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A profile of today's wealthiest homebuyers

(MoneyWatch) They say money can't buy happiness, but it can certainly get you a really great house. According to Coldwell Banker's end-of-year Luxury Market Report, the ultra-luxury sector -- generally defined as the top one percent of a given real estate market -- is booming.

Need proof? The report indicates that in Greenwich, Conn., a city with some of the highest numbers of luxury home listings and sales, sellers continue to bring in 90 to 95 percent of asking prices on prime real estate, even when that asking price is at and above $10 million.

In prime luxury neighborhoods all over the country, the richest of the rich are ready to buy. In some cases, buyers are spending 20 percent or more over asking prices just to avoid bidding wars.

So who are these wealthy real-estate connoisseurs? According to the report, 72 percent of ultra-affluent buyers are local to the area in which they're buying, and more women than ever are purchasing high-end real estate.

According to the Federal Reserve Board, women control 51.3 percent of all the wealth in the United States. And that number is projected to grow. Not surprisingly, wealthy women in the U.S. -- especially baby boomers -- are big players in today's real estate market. America's most affluent women are typically in their 50s and 60s.

In the Paradise Valley/Scottsdale area of Arizona, the number of affluent single women entering the luxury real estate market has increased 10 percent from five years ago.

Chinese women also play a huge role in the U.S.'s luxury real estate market. From heiresses to self-made businesswomen, affluent Chinese women are willing to pay top dollar for extravagant U.S. estates.

All this spending begs the question: What are these buyers doing to afford these homes? Forty-four percent of the agents surveyed said their clients in the $10 million and up price range are entrepreneurs, and 62 percent are between the ages of 45 and 54.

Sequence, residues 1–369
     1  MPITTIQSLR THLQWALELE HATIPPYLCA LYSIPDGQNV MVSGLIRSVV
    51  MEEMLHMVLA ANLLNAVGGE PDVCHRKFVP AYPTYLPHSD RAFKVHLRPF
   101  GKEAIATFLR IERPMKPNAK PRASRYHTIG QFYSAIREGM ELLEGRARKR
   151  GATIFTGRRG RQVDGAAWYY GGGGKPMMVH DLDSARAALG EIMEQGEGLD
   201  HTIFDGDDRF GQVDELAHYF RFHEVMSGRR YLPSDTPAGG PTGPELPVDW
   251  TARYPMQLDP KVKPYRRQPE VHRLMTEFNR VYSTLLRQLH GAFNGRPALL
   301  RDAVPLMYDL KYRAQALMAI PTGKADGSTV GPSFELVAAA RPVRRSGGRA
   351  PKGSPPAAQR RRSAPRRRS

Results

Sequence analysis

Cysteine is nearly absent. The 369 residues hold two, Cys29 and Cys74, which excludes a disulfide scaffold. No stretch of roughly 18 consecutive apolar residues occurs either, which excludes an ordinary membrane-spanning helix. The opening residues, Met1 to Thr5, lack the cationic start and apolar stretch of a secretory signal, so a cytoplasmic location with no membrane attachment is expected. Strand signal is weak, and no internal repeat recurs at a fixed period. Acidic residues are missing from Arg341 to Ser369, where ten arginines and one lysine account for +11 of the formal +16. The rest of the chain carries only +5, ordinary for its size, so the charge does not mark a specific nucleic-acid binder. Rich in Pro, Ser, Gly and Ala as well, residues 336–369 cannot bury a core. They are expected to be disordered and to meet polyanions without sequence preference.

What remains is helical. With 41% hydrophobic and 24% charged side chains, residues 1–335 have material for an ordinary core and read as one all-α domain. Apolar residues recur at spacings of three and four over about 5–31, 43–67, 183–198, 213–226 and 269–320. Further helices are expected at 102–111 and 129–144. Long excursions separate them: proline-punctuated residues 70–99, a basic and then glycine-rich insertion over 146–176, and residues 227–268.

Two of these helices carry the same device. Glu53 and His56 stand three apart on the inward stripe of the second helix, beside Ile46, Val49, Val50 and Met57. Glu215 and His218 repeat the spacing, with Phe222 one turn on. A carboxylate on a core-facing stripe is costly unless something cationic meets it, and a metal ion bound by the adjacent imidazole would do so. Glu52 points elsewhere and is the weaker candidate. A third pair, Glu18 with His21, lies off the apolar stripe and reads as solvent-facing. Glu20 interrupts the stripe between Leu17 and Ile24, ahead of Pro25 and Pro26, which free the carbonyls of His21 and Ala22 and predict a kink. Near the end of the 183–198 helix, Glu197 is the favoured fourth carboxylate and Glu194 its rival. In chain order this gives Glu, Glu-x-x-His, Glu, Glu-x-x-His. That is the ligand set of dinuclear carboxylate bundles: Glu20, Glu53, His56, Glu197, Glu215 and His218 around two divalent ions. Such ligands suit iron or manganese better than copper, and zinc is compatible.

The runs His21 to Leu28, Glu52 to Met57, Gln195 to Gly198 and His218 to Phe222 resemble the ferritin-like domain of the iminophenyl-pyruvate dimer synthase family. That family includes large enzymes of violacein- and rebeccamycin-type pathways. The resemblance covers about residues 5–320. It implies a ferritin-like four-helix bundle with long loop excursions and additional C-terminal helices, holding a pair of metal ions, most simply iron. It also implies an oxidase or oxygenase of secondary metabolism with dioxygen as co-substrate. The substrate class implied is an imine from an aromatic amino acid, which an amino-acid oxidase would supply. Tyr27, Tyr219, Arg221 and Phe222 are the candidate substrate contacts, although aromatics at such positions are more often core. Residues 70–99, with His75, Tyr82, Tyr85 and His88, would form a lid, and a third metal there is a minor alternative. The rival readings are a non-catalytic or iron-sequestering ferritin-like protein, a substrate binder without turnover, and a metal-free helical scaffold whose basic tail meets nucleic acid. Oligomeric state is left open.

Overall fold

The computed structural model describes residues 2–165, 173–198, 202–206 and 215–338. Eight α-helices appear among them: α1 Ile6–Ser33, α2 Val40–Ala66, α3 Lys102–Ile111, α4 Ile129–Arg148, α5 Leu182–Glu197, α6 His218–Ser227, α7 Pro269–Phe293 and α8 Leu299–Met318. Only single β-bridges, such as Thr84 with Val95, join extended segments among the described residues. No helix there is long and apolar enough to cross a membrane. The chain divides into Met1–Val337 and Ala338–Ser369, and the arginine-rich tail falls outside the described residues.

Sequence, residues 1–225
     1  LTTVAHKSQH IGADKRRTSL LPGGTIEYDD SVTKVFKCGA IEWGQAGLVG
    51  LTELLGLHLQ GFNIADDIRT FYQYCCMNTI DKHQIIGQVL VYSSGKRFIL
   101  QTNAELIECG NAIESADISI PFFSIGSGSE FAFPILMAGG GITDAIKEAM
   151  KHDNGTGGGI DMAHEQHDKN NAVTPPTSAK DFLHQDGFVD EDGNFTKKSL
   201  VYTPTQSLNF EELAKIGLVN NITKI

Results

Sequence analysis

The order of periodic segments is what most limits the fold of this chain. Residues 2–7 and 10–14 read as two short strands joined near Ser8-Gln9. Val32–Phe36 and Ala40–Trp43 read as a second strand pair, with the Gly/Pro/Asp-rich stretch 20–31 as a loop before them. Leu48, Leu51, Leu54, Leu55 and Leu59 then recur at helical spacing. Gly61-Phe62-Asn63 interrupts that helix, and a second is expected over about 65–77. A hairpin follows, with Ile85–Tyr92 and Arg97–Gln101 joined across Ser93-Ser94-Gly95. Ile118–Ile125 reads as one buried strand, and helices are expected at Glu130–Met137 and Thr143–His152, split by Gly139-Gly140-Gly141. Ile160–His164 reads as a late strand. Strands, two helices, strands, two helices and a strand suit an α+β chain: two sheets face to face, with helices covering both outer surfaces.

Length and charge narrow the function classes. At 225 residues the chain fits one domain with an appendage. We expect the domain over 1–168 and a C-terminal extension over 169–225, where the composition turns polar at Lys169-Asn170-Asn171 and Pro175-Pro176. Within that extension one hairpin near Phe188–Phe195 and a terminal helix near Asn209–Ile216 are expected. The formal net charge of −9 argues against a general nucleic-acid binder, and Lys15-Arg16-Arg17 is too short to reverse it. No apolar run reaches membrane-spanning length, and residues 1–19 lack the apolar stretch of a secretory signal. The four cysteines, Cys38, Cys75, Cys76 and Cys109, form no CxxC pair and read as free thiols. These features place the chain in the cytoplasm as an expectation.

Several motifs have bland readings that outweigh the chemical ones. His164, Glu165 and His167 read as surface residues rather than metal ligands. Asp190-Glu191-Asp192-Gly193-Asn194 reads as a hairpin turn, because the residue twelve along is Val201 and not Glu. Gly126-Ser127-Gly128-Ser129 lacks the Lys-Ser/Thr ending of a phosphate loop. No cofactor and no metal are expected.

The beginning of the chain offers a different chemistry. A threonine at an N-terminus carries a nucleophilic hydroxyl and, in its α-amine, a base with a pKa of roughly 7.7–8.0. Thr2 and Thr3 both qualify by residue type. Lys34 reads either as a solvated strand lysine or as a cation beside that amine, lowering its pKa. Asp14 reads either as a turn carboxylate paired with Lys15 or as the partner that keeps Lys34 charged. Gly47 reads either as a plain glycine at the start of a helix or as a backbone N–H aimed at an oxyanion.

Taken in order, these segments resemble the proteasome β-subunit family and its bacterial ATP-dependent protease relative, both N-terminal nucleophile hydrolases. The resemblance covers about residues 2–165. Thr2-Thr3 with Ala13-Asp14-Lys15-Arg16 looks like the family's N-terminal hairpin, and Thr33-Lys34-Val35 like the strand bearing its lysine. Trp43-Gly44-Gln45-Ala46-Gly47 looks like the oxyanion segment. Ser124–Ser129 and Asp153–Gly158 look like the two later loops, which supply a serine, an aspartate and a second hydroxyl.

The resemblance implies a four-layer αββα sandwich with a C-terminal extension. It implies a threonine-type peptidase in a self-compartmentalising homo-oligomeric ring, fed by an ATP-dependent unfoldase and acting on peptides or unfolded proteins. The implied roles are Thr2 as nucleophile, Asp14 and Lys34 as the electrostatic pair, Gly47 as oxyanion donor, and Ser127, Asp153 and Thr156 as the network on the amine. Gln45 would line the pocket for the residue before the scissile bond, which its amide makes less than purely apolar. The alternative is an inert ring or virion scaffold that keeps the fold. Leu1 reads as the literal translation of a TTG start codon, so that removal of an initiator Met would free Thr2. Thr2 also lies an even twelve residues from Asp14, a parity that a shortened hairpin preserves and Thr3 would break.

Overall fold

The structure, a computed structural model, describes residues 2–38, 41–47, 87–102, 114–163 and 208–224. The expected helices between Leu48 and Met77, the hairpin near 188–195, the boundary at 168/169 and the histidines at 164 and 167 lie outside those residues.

While this is the typical age of buyers in markets such as Greenwich, Malibu and many other luxury neighborhoods, San Francisco is the exception. Here, the typical über-rich buyer is between the ages of 30 and 45 and works in Silicon Valley's booming tech industry or investment banking.

If there's anything the super rich have in common with Main Street Americans, it's that real estate is still all about location, location, location. In fact, 79 percent of the agents surveyed said it's the single most important property feature for their clients.

In San Francisco, it's all about views and neighborhood. The city's most sought-after $10 million and up neighborhoods are Pacific Heights and Presidio Heights. If a property has a great view and is located in one of these neighborhoods, the seller can likely get top dollar. Style also matters: Many luxury buyers now favor mid-century architecture over ornate or Mediterranean styles.

Miami's affluent buyers want water-front properties. Miami Beach, Bal Harbor, Coral Gables and Fisher Island are the most exclusive neighborhoods in the Miami area, and all boast great security, amenities and schools for luxury-home buyers.

The U.S. cities with the highest number of $10 million and up home sales are:

  • Beverly Hills, Calif. - 19
  • Aspen, Colo. - 13
  • Santa Barbara, Calif. - 13
  • Los Angeles, Calif. - 9
  • Miami Beach, Fla. - 7
  • Atherton, Conn. - 7
  • Greenwich, Conn. - 6
  • Malibu, Calif. - 5
  • Los Angeles, Calif. - 5
  • Miami, Fla. - 5
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